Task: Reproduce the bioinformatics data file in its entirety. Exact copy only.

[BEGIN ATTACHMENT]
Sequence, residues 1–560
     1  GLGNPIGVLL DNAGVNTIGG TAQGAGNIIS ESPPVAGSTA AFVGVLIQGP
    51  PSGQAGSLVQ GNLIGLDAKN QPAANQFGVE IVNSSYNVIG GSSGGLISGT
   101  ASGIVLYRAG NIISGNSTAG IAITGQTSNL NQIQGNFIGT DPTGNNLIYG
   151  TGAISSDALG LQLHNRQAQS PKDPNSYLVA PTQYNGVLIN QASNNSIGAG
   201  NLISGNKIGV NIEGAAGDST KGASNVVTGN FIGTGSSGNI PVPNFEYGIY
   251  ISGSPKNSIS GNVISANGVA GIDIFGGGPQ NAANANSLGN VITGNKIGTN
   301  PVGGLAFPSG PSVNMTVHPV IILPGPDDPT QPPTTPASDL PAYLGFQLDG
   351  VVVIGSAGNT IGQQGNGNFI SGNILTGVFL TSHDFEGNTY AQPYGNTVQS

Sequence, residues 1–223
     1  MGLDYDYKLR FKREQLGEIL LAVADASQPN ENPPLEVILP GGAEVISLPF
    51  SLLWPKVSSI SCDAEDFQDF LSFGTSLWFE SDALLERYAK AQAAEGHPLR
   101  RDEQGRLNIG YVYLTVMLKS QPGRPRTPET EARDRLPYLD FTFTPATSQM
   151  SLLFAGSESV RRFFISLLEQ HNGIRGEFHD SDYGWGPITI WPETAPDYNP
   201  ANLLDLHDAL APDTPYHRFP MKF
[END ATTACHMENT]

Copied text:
Sequence, residues 1–560
     1  GLGNPIGVLL DNAGVNTIGG TAQGAGNIIS ESPPVAGSTA AFVGVLIQGP
    51  PSGQAGSLVQ GNLIGLDAKN QPAANQFGVE IVNSSYNVIG GSSGGLISGT
   101  ASGIVLYRAG NIISGNSTAG IAITGQTSNL NQIQGNFIGT DPTGNNLIYG
   151  TGAISSDALG LQLHNRQAQS PKDPNSYLVA PTQYNGVLIN QASNNSIGAG
   201  NLISGNKIGV NIEGAAGDST KGASNVVTGN FIGTGSSGNI PVPNFEYGIY
   251  ISGSPKNSIS GNVISANGVA GIDIFGGGPQ NAANANSLGN VITGNKIGTN
   301  PVGGLAFPSG PSVNMTVHPV IILPGPDDPT QPPTTPASDL PAYLGFQLDG
   351  VVVIGSAGNT IGQQGNGNFI SGNILTGVFL TSHDFEGNTY AQPYGNTVQS

Sequence, residues 1–223
     1  MGLDYDYKLR FKREQLGEIL LAVADASQPN ENPPLEVILP GGAEVISLPF
    51  SLLWPKVSSI SCDAEDFQDF LSFGTSLWFE SDALLERYAK AQAAEGHPLR
   101  RDEQGRLNIG YVYLTVMLKS QPGRPRTPET EARDRLPYLD FTFTPATSQM
   151  SLLFAGSESV RRFFISLLEQ HNGIRGEFHD SDYGWGPITI WPETAPDYNP
   201  ANLLDLHDAL APDTPYHRFP MKF